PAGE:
Bombardier is organised around business units, and those business units are directed towards the customer base. As a result, the company is taking an ever closer look at key performance indicators that point towards the customer.
Taking out the paper
Going lean and paperless may seem like an easy enough target to set your sights on, but for a company that is subject to many regulatory requirements calling for signatures on paper, it’s a task more akin to Robin Hood splitting the arrow. Going to electronic approvals and taking paperwork out of the system means going right back to the source of the regulations and sometimes getting help from the appropriate authorities.
“People still have a tendency to want to press a print button. But every time they do that, immediately the data can be out of date,” said Baird. “So we’re finding that we have much more up to date revisions of documents by not printing paper, and that’s a message that we’re continually trying to sell to the business.”
Gradually the message is getting through, he added, as people are now getting used to things like virtual drawings and data, instead of paper-based deliverables.
Bombardier’s vendor portal
With its back-office ERP implementation in place and its core backbone moving to a more integrated supply chain model, Bombardier is putting itself in a position where it can layer on advanced tools that will provide further process improvements.
“Implementing SAP was the first part of a journey, enabling us to evolve to more strategic tools and more specific value-based opportunities,” said Baird. “We’re finding valuable tools in the marketplace, and the challenge is to get our organization lined up to be able to use them in the most effective manner possible.”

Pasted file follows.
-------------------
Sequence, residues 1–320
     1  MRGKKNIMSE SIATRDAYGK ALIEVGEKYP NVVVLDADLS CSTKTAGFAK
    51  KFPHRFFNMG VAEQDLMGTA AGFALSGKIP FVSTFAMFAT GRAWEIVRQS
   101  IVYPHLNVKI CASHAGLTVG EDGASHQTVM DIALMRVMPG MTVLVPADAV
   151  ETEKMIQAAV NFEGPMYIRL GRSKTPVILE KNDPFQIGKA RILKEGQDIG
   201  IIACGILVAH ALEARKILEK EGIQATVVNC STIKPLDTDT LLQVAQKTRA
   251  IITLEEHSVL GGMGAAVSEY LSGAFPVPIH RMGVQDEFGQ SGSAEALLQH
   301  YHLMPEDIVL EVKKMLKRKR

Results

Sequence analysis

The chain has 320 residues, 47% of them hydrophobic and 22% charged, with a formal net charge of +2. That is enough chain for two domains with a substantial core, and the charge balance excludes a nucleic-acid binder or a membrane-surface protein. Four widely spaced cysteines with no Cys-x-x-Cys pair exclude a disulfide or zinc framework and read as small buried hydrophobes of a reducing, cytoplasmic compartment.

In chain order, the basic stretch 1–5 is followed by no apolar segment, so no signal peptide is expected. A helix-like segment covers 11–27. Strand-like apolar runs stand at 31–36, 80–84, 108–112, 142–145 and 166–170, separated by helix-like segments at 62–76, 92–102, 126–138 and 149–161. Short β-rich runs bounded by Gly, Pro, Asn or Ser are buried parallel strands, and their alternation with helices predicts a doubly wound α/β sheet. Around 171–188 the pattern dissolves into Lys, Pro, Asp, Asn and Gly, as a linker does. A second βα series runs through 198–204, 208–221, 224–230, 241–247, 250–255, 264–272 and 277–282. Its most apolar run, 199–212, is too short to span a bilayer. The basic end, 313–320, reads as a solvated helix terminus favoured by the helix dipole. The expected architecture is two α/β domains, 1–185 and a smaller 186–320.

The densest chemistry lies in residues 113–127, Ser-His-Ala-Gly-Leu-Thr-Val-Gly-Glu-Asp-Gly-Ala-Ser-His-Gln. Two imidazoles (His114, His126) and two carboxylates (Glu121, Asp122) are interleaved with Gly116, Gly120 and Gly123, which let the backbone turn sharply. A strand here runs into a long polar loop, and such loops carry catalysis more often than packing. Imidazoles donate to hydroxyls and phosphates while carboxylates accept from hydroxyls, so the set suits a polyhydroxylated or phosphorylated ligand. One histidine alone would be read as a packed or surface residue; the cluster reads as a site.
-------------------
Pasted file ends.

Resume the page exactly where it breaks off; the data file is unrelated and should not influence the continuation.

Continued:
One such tool now being implemented is a vendor portal that allows Bombardier to exchange electronic data with its major suppliers and work with them in a more real-time paperless manner. Further developments will drive the evolution from exchange of data to both internal and external integration. The portal has the potential to remove paper purchase-orders from the process and eliminate the need for other paper-based activities, such as faxing.
A lot of what Bombardier does is product-centric. Traditionally, sourcing was focused on product, part and aircraft program. Now the company has put strategies in place that go across programs and products, moving towards commodity sourcing.
At a macro level, the more Bombardier buys in volume (for example, aircraft hardware) the more it can leverage price. The same applies for a great many bulk items. “Crossing the traditional boundaries when sourcing things such as hardware and electrical systems means that you get commodity-based leverage. And that is a strategy that our supply chain group is organizing around,” said Baird. “And it’s not just our purchasing people that we want to be involved. It includes all of our functions from engineering through to sales — so again, it’s an end-to-end, process-based approach.”
Bombardier is organised into Business units along product lines but also with functions such as Engineering and Manufacturing. The lines of sight cut many ways across the organization, and so a multi-matrix approach is required to managing data.
“The SAP Business Warehouse allows us to slice and dice information and get multiple views,” said Baird. “We can extract data and view it in more non-traditional ways. And over time, as we get more of our aircraft programs on the system, we’ll become more and more integrated. So there’s still a lot of value that we can take from this.”